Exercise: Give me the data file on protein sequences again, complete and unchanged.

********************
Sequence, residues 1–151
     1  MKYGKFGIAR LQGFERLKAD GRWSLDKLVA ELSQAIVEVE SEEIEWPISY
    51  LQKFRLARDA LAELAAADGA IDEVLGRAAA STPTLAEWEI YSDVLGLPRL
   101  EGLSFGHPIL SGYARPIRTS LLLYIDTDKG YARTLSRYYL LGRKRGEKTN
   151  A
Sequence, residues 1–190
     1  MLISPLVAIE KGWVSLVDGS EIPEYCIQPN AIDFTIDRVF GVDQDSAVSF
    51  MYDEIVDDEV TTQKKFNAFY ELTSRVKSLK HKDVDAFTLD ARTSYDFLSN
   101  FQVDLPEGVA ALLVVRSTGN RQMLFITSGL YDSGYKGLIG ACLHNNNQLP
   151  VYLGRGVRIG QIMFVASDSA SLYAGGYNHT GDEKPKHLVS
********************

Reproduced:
Sequence, residues 1–151
     1  MKYGKFGIAR LQGFERLKAD GRWSLDKLVA ELSQAIVEVE SEEIEWPISY
    51  LQKFRLARDA LAELAAADGA IDEVLGRAAA STPTLAEWEI YSDVLGLPRL
   101  EGLSFGHPIL SGYARPIRTS LLLYIDTDKG YARTLSRYYL LGRKRGEKTN
   151  A
Sequence, residues 1–190
     1  MLISPLVAIE KGWVSLVDGS EIPEYCIQPN AIDFTIDRVF GVDQDSAVSF
    51  MYDEIVDDEV TTQKKFNAFY ELTSRVKSLK HKDVDAFTLD ARTSYDFLSN
   101  FQVDLPEGVA ALLVVRSTGN RQMLFITSGL YDSGYKGLIG ACLHNNNQLP
   151  VYLGRGVRIG QIMFVASDSA SLYAGGYNHT GDEKPKHLVS